“Nevertheless, will the Son of Man returning, find the faith upon the earth?” (Luke 18:8).
Jesus puts a rhetorical question here but in the Greek it is expressed with the interrogative particle ara, which implies a negative response; moreover, “faith” here is expressed with a definite article, so the sense of it is that He expects to find faith, but not “the faith”. That begs the question, “What does Jesus mean by the faith?”
“Faith” is the translation of the Greek pistis, which is also commonly translated as “trust” and “belief”; in fact, true faith means firstly “belief”, which is an acceptance of truth, and secondly, “trust”, which is acting according to that truth; to believe the truth but act in a manner that is inconsistent with it is not “the faith”, but hypocrisy.
“Trust in the Lord with all your heart and lean not on your own wisdom” Proverbs 3:5).
In this world, our lives follow one of two paths; by direction of God’s hand, or by happenstance; many people have faith, yet live by happenstance or self direction, but what Jesus refers to as “the faith” is to live by direction of God’s hand alone, thus being prepared for life in the eternal kingdom of God where there is no such thing as happenstance or casual occurrence; all is under God’s hand.
All Christians have the quality of “belief” in various capacities; that is, they believe the truths revealed in the Word of God, although those beliefs might be corrupted by the deceptive work of Satan and his demons through the doctrines of men; so that leads us to consider the quality of “trust”.
Trust occupies a very one-sided space in modern Christian theology; we trust God to do things for us; to save us, to forgive us, to take us to heaven; but how many trust God to do things that He wants to do; to change us, to break us, to chastise us, to teach us Himself? Modern Christian practice is to trust God for salvation for our souls, but not with Lordship of our lives.
“Offer the sacrifice of righteousness and trust in the Lord” (Psalm 4:5) says the Psalmist, and, in truth, trusting in the Lord is a basic prerequisite of righteousness; they are two sides of the same coin and there can be no righteousness where there is no trust; “belief” is only half way there as far as saving faith is concerned. Trust is the righteous sacrifice that is acceptable to the Lord and faith without trust is a reproach to Him.
How then do we trust God? Trust is not a passive thing; it is something that we must do positively and consciously. Trusting God means getting out of His way and relying on Him; waiting for Him to reveal to you what to do in any situation. On the face of it, this may seem somewhat childish, and it is; we must be like children; utterly dependent upon our Father.
When children are born they are totally dependent upon their parents for everything; without parental care and attention babies would surely die; as babies grow and become children they learn to become more independent in some things; then, as adults, they are completely free of any necessity to depend upon anyone. Then, as believers, we must learn to become dependent again; this is the hardest lesson of all; to give up our hard won independence, for which we have been trained by our parents since infancy, and voluntary surrender our decision making capacity to another; but this is the essential ingredient of “the faith” that Jesus is talking of and has called us to.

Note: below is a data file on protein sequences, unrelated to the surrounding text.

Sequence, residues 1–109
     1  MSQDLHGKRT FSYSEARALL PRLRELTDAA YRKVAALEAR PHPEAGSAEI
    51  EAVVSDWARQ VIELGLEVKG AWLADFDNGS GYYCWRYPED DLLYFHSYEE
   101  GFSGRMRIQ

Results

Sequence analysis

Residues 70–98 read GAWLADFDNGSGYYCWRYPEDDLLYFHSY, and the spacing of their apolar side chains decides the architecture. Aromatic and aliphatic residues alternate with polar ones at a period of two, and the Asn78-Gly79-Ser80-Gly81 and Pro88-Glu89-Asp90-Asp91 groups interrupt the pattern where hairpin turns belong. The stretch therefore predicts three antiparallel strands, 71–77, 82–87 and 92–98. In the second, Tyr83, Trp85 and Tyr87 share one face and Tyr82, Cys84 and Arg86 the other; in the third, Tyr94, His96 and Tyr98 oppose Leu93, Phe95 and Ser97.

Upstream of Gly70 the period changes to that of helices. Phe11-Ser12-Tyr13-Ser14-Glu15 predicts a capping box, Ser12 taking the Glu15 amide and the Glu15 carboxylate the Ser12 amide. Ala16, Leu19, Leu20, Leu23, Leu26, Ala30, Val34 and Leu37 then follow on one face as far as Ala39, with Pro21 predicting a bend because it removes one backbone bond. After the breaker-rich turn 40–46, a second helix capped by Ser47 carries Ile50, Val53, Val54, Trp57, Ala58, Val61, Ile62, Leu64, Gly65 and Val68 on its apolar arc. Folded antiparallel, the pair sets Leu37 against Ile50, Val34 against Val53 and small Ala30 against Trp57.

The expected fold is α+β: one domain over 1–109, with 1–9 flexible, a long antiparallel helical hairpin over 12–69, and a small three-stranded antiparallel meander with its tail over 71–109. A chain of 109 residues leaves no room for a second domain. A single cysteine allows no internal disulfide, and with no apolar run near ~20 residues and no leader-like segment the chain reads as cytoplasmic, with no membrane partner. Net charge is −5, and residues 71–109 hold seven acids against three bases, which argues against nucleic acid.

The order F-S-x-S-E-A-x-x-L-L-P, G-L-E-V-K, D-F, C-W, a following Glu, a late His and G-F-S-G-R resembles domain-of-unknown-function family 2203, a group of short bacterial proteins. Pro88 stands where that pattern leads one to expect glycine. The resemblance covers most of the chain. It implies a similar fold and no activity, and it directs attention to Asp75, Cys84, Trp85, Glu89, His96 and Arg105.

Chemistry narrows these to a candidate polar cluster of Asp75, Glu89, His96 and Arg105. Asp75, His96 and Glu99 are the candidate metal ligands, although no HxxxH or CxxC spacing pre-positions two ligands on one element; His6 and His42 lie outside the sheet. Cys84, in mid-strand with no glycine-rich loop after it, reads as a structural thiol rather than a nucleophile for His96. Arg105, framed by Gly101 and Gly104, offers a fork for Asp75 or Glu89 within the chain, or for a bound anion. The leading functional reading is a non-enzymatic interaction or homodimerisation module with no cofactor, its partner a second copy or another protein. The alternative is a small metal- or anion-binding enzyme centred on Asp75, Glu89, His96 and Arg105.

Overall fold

An example of trust that we can learn from the life of Jesus is that we can trust Him to let us come in to His presence and to have Him with us continually in our life in this world. But He will not be there against our will; we must make room for Him; if we empty He will fill; only as we come out of this world can we go in to His; you cannot have a foot in both camps, although that is what we try and do; be at peace with the world and be at peace with God also. That neglects what Jesus said; “It is not possible to be a servant of God and Mammon” (Matthew 6:24), and “mammon” includes all that is of the world, including the religions of men.
We can also trust God to speak to us; indeed, this is a core promise of Christ to His followers. “My sheep hear My voice” (John 10:27) He said. But the same fundamental principle concerning God’s promises applies in this case too; if we are to hear, we must make the effort to tune out to the world and take time to listen to that voice; and we must ask Him to speak and wait for Him to answer before acting on our own.
Isaiah was listening when He heard the Lord ask; “Who shall I send and who will go for us?” and he volunteered for the job “Here I am. Send me!” (Isaiah 6:8).
Samuel too, was in his bed but heard the Lord calling and got up from his bed to answer the call; “Speak, for your servant hears” he said (1 Samuel 3:10). We are told that, in those days, the word of the Lord was rare (1 Samuel 3:1); one of the reasons was that no-one was listening to God; the priesthood had been corrupted, priests honouring their families more than God and growing fat on the sacrifices and offerings of the people.
We must allow God to speak; He has something to say to each one of His children which is for them alone; it is not necessary to consult with others; we need to be like Paul; “Immediately I conferred not with flesh and blood” (Galatians 1:16). If we empty ourselves, He will speak; that is His promise and that is the experience of many. Sadly, there are too many Christians today who do not expect to hear, who do not take time to listen and who are satisfied with the words of other men.